Writers know that something happens when you commit to writing daily. The simple act of the practice means you’re exercising your writing muscles and those muscles, just like your physical muscles will wither and atrophy if you don’t use them.
In other words, “Writers, write.”
And paid writers write a lot.
To tell you the truth, I’m a little astonished by how much writing some of my colleagues accomplish daily. Some of them seem to regularly reaching 4,000-5,000 words.
However, none of them come close to hitting the word count of a book author I know. He writes a million words a year to meet his deadlines and just closed a deal for four more books. 20,000 words a day is not uncommon for him.
I felt like my “to do” list was rather short compared to other writers and started paying attention to how much I DID write.
I did what any self-respecting productivity geek would do, I installed Rescue Time on my computer. It quietly checks my activity in the back ground and sends me a weekly report. It seems I’m only spending around 4 hours a week on email which is pretty good.
But my writing time left something to be desired.
As a working writer, I write regularly. Every day I write blog posts, emails and web pages.
And while I had a guilty feeling that I wasn’t as prolific as many of my colleagues I did crank out a few thousand words with some regularity. So when I installed Rescue Time I was appalled and bemused to discover the app only tracked 8-10 hours a week in Word.
How can that be?
Yes, I also write within WordPress and Evernote and those add another 5-8 hours a week but that still didn’t seem like a lot compared to the amount of time I spent at my desk.
What to do? If I want to improve my writing and my thinking and simply get more writing done, I need to log more writing time.
So I set a goal. My goal is to write 1000 words a day – six days a week and work my way up to 1200, then 1500, and so on.
5 days in and it’s already starting to pay off. Last night as I was getting ready for bed, I finally knew how to start an article I’ve been struggling with for weeks. Midnight found me, pen in hand scribbling on the back of scratch paper. That was another 200 words or so… but more importantly provided me the framework for the story.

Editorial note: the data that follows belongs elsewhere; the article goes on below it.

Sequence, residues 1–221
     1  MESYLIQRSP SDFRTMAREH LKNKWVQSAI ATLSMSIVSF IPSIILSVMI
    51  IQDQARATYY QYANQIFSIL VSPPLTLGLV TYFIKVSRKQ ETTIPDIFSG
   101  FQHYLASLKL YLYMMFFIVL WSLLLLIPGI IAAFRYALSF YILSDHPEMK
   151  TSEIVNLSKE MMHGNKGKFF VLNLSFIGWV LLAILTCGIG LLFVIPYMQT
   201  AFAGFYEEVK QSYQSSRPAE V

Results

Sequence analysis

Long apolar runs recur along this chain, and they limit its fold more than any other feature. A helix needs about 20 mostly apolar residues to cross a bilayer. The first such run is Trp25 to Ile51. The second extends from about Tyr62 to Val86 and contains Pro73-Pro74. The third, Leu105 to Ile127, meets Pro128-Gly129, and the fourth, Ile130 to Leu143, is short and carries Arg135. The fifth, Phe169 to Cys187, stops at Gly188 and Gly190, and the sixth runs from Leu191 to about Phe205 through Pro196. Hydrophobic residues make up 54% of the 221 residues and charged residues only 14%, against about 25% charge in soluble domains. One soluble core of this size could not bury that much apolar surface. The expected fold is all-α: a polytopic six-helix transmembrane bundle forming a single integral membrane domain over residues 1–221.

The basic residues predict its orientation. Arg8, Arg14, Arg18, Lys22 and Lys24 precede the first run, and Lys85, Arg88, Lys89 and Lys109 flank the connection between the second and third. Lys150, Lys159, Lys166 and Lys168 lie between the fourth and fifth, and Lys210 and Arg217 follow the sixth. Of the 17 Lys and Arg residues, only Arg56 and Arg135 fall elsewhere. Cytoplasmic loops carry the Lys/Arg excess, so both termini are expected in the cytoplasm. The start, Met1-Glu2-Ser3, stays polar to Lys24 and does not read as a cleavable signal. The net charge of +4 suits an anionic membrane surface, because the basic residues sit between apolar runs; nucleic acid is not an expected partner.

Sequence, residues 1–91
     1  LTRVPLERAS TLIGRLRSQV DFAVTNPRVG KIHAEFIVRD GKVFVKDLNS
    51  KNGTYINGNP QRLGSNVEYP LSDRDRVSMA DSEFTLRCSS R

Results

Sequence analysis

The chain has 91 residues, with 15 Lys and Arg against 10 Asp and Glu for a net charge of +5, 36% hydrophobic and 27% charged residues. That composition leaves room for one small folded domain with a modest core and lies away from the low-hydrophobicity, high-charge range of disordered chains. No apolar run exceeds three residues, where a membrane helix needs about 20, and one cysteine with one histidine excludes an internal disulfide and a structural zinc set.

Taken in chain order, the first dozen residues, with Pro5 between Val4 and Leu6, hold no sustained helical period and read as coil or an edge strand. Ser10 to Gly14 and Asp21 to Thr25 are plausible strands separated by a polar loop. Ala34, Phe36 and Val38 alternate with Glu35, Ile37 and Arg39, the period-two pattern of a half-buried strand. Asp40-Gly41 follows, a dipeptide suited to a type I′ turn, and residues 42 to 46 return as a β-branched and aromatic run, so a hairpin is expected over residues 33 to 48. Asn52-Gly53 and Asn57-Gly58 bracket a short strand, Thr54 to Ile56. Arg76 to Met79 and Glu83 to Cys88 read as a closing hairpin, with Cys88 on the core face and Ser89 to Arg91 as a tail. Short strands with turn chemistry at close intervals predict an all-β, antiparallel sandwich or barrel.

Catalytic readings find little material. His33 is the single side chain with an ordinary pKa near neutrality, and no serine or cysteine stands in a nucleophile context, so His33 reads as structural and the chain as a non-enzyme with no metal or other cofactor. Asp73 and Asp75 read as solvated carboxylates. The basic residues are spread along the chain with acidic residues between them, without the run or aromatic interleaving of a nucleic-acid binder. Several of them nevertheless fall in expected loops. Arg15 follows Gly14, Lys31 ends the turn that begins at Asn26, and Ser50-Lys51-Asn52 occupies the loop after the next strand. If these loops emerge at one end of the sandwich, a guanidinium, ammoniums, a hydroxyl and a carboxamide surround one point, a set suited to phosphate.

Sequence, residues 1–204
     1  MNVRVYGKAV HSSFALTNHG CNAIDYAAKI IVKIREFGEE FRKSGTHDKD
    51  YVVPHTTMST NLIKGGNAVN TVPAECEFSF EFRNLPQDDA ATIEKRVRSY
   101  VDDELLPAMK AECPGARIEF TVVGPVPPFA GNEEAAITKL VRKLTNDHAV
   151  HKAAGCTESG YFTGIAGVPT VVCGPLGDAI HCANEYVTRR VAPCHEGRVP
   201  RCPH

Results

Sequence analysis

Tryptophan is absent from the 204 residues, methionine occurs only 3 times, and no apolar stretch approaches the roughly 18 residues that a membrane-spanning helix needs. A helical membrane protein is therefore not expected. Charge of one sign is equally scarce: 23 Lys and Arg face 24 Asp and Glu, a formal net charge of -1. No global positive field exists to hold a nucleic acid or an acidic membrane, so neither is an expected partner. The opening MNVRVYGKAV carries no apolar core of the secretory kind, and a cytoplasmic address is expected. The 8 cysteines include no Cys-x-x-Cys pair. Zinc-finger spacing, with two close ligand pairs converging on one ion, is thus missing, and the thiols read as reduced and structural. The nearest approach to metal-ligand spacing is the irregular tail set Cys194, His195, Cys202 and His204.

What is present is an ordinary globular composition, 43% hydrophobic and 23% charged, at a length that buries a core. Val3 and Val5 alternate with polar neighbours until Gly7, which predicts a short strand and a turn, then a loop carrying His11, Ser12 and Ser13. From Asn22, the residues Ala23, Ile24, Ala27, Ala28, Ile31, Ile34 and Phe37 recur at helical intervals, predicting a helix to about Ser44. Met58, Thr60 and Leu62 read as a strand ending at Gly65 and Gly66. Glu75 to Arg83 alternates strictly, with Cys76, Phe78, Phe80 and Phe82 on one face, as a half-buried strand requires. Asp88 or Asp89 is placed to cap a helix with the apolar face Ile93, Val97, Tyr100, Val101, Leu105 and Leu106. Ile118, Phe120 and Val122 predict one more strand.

You can train yourself to write faster and better. Which means you can write more and take on additional clients.
I also want to hone my thoughts so I come up with more and better ideas.
Ideas are the crux of any successful writer.
Writing Requires Idea Generation
When I go through my hard drives and old notes, I find scraps of ideas, some of them grew into articles but many of them didn’t. Some of them are half baked and others just need a little polish. Still others give me déjà vu like “haven’t I written this before?”
The answer to the latter is “probably.”
When I wear my blogging hat, I’m often writing variations of similar topics for different client projects. For instance, I’ve written more “How to get more Facebook “likes” type posts than I can remember.
You probably know that working writers are constantly pitching ideas to editors, coming up with a new angle on topics they’ve written about dozens of times, and developing a BIG IDEA for a fresh approach for a product or service.
In fact, writing is all about that idea generation. You need dozens and dozens of ideas to find a good one. If you’ve ever done a brainstorming session, you know what I mean. Most ideas aren’t excellent.
How do you become a master idea generator?
James Altucher, author of Choose Yourself and other books, says to be an idea generator, come up with 10 new ideas a day. They don’t have to be good ideas but like daily writing, the practice forms new synapses in your brain and stimulates creativity.
He recommends skimming chapters from four books in different disciplines to come up with ideas. Write them down. One idea from his book is that maybe you come up with the idea to write a book and give away a million copies within a year, how can you do that? Print it on teensy paper so it doesn’t take up much space? Hold a Kickstarter campaign to raise the money to print it?
You don’t have to implement the idea. Simply think about it and the next steps. You’ll be pushing yourself and that’s the point.
For right now, I’m working on the 1000 words a day, six days a week. Next week, I’ll add Altucher’s idea generation exercise into the mix.
What about you? How do you keep the creative juices flowing?